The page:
Space Launch System

NASA was able to resume testing on its moon rocket after fixing an engine problem

Returning to the Moon is NASA’s goal with the Artemis program. The first flight of the new SLS rocket was expected in the near future with the Artemis I mission, but a controller problem with the RS-25 engine number 4 led the space agency to postpone this first launch.

Recently, the NASA team was able to start testing the engines again after replacing the faulty control mechanism. According to the information, the test results were satisfactory.

The RS-25 engines were manufactured by the Aerojet Rocketdyne company. This is the same technology that powered the now retired US space shuttles.

An unexpected failure

According to NASA, the latest tests showed that the 4 controllers that are installed on the 4 thrusters worked without problems. The control mechanism is actually an element that allows the engines to communicate with the rest of the rocket. It allows precise control and diagnosis of the internal state.

NASA engineers explained that the source of the problem was a faulty memory card. This is used during the controller boot sequence, but no longer affects the controller after this step.

During the checks, no problem had been detected on the three other engines of the rocket. There is thus no constraint on the dress rehearsal which will take place before the launch. However, it is the Artemis I mission which has been postponed and which will not take place before April.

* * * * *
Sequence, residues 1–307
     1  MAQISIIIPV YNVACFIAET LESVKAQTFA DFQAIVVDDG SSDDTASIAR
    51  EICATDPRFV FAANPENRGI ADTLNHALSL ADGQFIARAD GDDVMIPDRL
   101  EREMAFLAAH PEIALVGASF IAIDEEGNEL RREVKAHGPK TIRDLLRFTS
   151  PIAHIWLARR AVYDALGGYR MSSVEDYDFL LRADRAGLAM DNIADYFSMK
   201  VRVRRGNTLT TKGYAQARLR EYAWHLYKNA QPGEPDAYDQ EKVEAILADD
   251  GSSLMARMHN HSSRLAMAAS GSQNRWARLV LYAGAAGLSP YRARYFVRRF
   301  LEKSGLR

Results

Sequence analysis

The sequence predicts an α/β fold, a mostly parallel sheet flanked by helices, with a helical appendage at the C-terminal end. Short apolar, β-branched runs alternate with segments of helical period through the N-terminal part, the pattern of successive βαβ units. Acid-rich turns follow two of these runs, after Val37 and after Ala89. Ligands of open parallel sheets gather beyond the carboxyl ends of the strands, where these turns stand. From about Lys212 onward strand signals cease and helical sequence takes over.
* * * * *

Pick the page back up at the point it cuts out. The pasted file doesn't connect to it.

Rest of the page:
What remains to be done before the launch

Currently, the various teams at the Kennedy Space Center are conducting a multitude of tests to prepare for takeoff. For example, there are the tests on the flight interruption system, but there is also the installation of the instrumentation at the level of the two side boosters.

According to the program, the general rehearsal will take place during the month of March on the launch pad 39B. The team will fuel the rocket and repeat all stages until the final countdown.

This rehearsal was designed to check the performance of the SLS rocket, that of the Orion capsule, but also that of the Kennedy Space Center ground system. It will only be after this dress rehearsal that we will know the launch date of the Artemis I mission.

SOURCE: Space.com

Leave a Comment

Your email address will not be published.